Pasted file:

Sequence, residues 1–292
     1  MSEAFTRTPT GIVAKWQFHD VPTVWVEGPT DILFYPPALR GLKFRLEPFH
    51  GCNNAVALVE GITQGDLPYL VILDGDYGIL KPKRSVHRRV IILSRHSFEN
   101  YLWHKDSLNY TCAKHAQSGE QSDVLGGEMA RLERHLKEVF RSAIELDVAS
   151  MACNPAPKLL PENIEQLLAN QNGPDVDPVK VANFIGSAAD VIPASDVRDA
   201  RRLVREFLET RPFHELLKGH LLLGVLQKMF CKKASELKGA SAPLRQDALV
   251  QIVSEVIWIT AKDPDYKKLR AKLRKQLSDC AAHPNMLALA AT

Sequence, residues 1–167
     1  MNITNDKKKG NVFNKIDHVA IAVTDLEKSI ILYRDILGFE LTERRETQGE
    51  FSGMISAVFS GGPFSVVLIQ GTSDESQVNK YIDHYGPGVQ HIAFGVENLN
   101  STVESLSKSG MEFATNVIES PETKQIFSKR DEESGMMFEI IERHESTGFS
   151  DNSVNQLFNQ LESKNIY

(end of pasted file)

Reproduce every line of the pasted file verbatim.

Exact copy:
Sequence, residues 1–292
     1  MSEAFTRTPT GIVAKWQFHD VPTVWVEGPT DILFYPPALR GLKFRLEPFH
    51  GCNNAVALVE GITQGDLPYL VILDGDYGIL KPKRSVHRRV IILSRHSFEN
   101  YLWHKDSLNY TCAKHAQSGE QSDVLGGEMA RLERHLKEVF RSAIELDVAS
   151  MACNPAPKLL PENIEQLLAN QNGPDVDPVK VANFIGSAAD VIPASDVRDA
   201  RRLVREFLET RPFHELLKGH LLLGVLQKMF CKKASELKGA SAPLRQDALV
   251  QIVSEVIWIT AKDPDYKKLR AKLRKQLSDC AAHPNMLALA AT

Sequence, residues 1–167
     1  MNITNDKKKG NVFNKIDHVA IAVTDLEKSI ILYRDILGFE LTERRETQGE
    51  FSGMISAVFS GGPFSVVLIQ GTSDESQVNK YIDHYGPGVQ HIAFGVENLN
   101  STVESLSKSG MEFATNVIES PETKQIFSKR DEESGMMFEI IERHESTGFS
   151  DNSVNQLFNQ LESKNIY